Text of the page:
Saturday: Sit Back and Do Something Special

Originally posted on Toni Andrukaitis:

“I think people who are creative are the luckiest people on earth. I know that there are no shortcuts, but you must keep your faith in something Greater than You, and keep doing what you love. Do what you love, and you will find the way to get it out to the world.”

Judy Collins
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Another whirlwind of a day. I got up early and walked about three miles, then went to Saturday Zumba at 9:30-10:30. I didn’t have my usual writing group, so Zumba was a special treat. Then, scramble home, shower, straighten the house for a showing, and get out the door by 11 am. Can you say, “Run around like a mad woman?”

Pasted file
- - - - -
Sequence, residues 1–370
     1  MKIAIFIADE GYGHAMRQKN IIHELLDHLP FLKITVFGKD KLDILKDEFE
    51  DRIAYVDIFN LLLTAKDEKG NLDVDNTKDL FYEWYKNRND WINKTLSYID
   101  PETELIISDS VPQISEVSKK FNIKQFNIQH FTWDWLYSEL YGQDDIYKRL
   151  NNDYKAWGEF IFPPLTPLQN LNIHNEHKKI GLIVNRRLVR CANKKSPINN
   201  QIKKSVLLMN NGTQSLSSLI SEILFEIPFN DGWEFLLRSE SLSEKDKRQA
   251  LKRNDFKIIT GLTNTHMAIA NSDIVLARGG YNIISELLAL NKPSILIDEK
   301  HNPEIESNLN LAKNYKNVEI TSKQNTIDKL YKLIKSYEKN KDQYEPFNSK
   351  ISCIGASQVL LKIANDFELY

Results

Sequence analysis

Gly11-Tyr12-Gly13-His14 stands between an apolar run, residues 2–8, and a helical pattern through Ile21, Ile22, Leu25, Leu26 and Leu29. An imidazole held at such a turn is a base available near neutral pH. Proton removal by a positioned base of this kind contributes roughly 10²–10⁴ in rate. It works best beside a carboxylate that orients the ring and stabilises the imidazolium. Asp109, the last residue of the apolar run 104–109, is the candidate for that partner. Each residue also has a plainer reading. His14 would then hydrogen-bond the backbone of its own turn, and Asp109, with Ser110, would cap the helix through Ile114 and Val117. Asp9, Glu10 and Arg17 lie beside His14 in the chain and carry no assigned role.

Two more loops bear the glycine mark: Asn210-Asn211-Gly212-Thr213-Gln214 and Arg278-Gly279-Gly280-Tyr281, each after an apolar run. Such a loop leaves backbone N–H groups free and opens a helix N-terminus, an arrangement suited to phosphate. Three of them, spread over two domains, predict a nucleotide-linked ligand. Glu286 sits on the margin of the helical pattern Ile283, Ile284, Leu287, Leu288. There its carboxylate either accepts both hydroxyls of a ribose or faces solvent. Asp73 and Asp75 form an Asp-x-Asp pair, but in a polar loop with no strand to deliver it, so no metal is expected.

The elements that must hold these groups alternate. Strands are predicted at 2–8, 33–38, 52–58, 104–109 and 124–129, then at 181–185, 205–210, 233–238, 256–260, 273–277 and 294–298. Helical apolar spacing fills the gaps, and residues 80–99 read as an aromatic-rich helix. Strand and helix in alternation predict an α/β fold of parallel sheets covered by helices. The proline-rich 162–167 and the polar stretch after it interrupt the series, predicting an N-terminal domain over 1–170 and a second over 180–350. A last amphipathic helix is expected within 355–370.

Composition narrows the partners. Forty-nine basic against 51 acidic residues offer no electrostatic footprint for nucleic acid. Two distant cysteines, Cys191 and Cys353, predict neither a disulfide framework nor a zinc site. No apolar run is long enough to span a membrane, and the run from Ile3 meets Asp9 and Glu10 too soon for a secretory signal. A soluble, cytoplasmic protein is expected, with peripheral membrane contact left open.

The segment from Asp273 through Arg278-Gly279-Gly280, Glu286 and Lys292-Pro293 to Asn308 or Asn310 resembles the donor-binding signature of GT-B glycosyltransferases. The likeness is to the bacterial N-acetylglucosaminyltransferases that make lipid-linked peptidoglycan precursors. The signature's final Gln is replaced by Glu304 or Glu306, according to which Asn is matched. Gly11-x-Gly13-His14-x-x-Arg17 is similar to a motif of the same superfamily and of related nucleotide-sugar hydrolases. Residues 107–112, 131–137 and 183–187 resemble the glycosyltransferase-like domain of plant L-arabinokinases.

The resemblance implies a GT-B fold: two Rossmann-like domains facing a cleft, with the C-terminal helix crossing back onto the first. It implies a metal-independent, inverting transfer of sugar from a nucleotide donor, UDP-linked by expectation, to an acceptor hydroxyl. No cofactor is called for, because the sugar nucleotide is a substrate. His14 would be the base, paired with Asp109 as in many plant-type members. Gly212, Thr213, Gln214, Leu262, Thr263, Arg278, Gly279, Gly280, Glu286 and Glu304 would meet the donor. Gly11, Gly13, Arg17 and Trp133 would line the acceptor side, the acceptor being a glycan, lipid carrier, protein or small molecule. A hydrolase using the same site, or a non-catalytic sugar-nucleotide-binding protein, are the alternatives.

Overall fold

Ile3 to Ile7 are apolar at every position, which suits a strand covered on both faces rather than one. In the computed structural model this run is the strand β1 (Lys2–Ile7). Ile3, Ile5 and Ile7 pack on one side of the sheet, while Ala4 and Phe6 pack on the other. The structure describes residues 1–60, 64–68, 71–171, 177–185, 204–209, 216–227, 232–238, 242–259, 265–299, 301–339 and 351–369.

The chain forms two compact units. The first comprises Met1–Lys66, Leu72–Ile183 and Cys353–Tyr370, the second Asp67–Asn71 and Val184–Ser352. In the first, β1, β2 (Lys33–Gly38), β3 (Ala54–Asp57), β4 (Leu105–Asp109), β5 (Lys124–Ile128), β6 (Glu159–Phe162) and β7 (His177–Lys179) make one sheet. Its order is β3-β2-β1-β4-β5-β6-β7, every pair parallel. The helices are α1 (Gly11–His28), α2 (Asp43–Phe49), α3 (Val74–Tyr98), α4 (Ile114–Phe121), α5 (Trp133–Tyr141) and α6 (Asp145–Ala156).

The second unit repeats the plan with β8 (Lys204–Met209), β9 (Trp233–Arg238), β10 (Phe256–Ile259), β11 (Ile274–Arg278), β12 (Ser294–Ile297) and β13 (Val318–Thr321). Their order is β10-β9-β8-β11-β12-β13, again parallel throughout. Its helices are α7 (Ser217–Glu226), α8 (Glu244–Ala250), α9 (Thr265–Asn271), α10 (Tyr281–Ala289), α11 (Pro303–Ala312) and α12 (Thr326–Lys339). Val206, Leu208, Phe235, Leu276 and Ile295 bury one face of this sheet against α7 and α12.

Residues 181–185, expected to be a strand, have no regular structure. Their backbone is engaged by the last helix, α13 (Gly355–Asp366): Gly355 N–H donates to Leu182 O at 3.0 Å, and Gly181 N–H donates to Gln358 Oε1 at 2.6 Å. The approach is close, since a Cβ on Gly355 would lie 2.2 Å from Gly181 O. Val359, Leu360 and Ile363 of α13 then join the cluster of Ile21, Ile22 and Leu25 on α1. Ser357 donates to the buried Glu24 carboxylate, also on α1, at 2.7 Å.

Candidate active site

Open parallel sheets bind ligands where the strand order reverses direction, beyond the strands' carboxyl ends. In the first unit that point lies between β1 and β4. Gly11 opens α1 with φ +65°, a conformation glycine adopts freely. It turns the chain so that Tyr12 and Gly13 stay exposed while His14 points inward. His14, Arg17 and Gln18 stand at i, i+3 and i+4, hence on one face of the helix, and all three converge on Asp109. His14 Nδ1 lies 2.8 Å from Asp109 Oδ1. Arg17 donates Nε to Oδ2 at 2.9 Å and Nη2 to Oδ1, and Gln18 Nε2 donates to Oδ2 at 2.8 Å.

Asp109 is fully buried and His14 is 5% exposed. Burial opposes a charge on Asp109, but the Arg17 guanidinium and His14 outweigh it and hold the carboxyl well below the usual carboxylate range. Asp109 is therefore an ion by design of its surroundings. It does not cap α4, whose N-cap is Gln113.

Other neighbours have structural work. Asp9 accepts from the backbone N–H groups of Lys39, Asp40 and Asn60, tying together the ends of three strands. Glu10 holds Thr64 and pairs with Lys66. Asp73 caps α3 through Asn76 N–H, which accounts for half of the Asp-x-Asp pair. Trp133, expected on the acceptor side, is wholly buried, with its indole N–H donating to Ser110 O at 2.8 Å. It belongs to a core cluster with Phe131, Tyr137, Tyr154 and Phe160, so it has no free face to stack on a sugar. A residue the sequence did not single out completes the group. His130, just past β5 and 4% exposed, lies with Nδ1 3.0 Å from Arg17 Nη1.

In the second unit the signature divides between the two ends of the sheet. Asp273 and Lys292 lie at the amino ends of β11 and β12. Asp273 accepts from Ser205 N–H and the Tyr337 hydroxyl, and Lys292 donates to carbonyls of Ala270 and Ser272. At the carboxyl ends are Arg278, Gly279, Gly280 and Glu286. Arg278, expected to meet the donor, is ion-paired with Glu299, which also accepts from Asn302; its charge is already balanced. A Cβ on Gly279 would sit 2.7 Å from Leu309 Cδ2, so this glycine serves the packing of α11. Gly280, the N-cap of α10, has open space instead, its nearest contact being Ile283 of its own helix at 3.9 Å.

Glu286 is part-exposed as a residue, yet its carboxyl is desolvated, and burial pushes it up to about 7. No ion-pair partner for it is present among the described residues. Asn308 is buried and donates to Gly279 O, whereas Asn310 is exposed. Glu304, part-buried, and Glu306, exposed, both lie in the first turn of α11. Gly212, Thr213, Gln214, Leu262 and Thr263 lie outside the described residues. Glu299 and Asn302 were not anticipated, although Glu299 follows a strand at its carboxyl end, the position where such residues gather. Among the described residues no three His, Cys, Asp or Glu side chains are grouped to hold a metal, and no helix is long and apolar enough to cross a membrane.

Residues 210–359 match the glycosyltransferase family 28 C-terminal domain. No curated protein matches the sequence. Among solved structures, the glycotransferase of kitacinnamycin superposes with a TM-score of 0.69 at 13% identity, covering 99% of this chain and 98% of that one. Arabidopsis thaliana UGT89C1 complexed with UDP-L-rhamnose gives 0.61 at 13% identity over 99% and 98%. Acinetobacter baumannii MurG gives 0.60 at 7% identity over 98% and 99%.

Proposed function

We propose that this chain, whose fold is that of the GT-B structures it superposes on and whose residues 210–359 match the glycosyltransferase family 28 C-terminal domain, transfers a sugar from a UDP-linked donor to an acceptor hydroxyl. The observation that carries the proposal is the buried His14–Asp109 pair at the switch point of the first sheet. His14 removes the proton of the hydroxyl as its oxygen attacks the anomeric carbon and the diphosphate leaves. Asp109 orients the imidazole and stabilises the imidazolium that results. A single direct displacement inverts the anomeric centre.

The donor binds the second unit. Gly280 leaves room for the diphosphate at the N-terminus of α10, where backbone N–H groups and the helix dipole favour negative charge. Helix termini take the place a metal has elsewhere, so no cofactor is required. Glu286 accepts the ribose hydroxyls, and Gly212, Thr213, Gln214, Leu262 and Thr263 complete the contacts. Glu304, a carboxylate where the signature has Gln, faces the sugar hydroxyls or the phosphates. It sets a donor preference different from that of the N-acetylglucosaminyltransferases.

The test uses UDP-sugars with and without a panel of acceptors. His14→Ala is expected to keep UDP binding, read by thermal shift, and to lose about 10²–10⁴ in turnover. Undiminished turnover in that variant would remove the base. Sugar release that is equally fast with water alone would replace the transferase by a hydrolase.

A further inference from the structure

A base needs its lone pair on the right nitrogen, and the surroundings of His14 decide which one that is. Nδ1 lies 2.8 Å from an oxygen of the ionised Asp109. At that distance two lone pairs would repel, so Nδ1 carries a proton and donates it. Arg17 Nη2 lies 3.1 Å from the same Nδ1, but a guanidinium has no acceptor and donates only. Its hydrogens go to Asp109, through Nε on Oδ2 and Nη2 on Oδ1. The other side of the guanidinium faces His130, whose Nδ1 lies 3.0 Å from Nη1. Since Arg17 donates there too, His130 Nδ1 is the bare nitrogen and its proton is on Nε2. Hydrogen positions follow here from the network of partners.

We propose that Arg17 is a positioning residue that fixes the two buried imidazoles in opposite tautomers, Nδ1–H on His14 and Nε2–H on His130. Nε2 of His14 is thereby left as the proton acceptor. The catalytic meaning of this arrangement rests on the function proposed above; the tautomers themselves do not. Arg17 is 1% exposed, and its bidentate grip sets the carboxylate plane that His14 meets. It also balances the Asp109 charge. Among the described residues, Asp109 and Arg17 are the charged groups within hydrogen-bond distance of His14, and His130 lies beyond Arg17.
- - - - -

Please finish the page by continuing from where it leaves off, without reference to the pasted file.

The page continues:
I decided to hang out on the Square, have my yummy yogurt parfait at Snug, visit Dana and Judy at Art on the Veranda, and then paint champagne flutes at Sweet Spot and…

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Birth of a baby, and the end of a blog

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For my readers and for those wonderful bloggers I have got to know in the past year and half I have been blogging, here’s a wonderful news : my baby has finally arrived! :) With the new role of being a mommy, and the many things I have yet to learn of everything to do with babies, and learning how to be a good and efficient mommy, sadly, I don’t have the time to be a good blogger! I have decided to permanently stop writing, though this blog won’t close entirely. There are certain blogs I like checking into every now and then, and it would be with pleasure that I look in on them at times.

Wishing you all the very best! :)

Vibrant Spring, and Tino, watercolour 3